My husband was shaken by his low-blood-sugar experience Saturday night, but is otherwise OK.
All went according to plan yesterday, knitting-wise. The Italian socks are finished. They are made from Candace Strick's book, "Strick-ly Socks". Those clumsy-looking heels are the basic ones, precisely identical to the toes. Candace goes on to offer pages of adaptations, including gussets and things.
And the next ones have been cast-on:
I think I can say I have mastered Judy’s Magic Cast-On. The break-through moment, for me, lay in the instruction in my “Cast On, Bind Off” book to wrap the yarns around the needles “as if for a yarn-over”. I think what I was doing wrong was grabbing at the yarns with the needles, as I concentrated on top-yarn-bottom-needle and vice versa, in a way that wound them in the wrong direction.
Whatever, I’ve got it now.
I had some trouble as I started the actual knitting, including, on one attempt, the dread purl bumps. The answer to that one seems to be EZ’s maxim, look at your knitting. Those few little stitches, clinging valiantly to their needles, must be regarded as an incipient toe, to be knit around from the outside (not back and forth).
I also had trouble with a loose stitch at the far end of the circuit, so to speak – at the point where the casting-on had begun. Maybe I should start with a slip knot instead of just laying the yarn over the needles?
It is going to be hard to abandon the new socks, now that the agony is over. That’s a truly wonderful olive-green Crazy Zauberball you see above. But I mean to stick to the plan. The mitered cardigan begins with a provisional cast-on. I intend to use the one I regard as gold standard, that cat’s cradle affair. Surely it has a mystic affinity with Judy’s Magic Cast-On and I expect it to be easy, today.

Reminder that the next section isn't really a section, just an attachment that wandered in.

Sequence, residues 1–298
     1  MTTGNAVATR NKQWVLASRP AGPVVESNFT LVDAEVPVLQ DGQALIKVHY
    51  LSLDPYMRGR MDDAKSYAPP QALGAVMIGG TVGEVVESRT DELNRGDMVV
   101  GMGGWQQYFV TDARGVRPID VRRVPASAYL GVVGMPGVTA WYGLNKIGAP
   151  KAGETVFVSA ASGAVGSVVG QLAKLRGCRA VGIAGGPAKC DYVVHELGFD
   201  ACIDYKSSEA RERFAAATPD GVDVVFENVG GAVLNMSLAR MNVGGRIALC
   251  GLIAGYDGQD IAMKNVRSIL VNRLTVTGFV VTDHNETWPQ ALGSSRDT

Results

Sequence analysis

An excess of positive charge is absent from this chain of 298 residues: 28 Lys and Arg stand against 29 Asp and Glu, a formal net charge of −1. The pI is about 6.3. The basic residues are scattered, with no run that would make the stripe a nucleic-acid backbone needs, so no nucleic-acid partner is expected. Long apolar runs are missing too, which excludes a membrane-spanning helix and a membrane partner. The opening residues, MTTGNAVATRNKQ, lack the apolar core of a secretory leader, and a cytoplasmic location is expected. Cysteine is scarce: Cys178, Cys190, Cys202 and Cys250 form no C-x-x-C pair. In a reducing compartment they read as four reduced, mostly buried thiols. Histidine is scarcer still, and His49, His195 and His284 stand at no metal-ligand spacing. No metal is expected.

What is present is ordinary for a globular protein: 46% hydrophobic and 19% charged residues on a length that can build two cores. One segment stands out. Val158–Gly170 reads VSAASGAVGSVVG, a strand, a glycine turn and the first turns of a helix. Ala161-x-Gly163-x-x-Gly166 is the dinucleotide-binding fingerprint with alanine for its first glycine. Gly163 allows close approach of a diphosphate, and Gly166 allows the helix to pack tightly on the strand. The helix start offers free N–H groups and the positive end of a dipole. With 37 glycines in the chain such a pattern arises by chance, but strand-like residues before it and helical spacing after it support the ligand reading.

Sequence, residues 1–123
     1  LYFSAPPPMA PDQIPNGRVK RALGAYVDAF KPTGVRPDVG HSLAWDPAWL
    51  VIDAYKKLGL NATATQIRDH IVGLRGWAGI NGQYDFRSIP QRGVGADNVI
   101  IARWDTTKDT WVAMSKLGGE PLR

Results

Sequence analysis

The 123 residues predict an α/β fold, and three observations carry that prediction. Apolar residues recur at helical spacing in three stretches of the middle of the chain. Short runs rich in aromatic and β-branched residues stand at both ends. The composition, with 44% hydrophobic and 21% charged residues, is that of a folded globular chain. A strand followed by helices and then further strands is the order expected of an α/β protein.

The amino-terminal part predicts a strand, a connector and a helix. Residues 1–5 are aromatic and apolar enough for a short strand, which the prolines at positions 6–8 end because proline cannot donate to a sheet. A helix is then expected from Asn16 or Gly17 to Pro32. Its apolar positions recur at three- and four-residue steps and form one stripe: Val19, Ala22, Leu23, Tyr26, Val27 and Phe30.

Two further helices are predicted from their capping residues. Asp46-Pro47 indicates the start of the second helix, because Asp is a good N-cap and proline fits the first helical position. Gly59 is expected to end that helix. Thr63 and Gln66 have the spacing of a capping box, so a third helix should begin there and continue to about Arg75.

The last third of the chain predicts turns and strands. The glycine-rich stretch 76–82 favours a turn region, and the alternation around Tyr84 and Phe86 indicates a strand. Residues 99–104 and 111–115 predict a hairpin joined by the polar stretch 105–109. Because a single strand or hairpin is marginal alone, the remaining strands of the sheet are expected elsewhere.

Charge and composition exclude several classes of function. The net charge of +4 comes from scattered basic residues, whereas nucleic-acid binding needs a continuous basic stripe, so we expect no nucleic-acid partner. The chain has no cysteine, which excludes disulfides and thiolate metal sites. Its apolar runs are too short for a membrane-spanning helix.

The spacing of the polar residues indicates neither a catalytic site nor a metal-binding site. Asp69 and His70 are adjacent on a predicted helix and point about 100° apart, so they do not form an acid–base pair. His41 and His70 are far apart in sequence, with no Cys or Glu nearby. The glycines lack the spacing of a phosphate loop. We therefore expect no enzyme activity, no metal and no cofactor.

Democratic National Convention
My nephew Theo is in charge of practical arrangements for the Convention, as you may know. When his parents, my sister and her husband, went to see him in February, he showed them the Convention Hall with its huge television screen.
All three of them are fans of the Strathardle Highland Gathering, and Theo’s father, in particular, is an expert at the Pillow Fight. None of us entered this year – it is a fairly savage affair. You sit on a log, suspended just high enough that your feet don't touch the ground, with one hand behind your back, and swing a heavy sack at the other player until one of you falls off. Roger’s secret is to let the other man swing first, and then clobber him while he is off balance.
In the upper left-hand panel of the big screen, you can see Roger in action, under the word TONIGHT!. What you can’t see, although I am assured it was there, is the banner reading “Coming Tomorrow: Tilt-the-Bucket”. Remember that, as you watch this week.